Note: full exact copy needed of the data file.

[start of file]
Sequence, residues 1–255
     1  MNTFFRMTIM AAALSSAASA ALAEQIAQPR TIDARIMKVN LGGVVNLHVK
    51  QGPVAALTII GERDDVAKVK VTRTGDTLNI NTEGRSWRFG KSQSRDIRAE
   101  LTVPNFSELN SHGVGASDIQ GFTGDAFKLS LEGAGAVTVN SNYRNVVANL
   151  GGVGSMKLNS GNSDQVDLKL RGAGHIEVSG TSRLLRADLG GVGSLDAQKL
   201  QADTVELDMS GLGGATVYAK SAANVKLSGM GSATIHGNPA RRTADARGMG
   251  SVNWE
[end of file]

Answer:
Sequence, residues 1–255
     1  MNTFFRMTIM AAALSSAASA ALAEQIAQPR TIDARIMKVN LGGVVNLHVK
    51  QGPVAALTII GERDDVAKVK VTRTGDTLNI NTEGRSWRFG KSQSRDIRAE
   101  LTVPNFSELN SHGVGASDIQ GFTGDAFKLS LEGAGAVTVN SNYRNVVANL
   151  GGVGSMKLNS GNSDQVDLKL RGAGHIEVSG TSRLLRADLG GVGSLDAQKL
   201  QADTVELDMS GLGGATVYAK SAANVKLSGM GSATIHGNPA RRTADARGMG
   251  SVNWE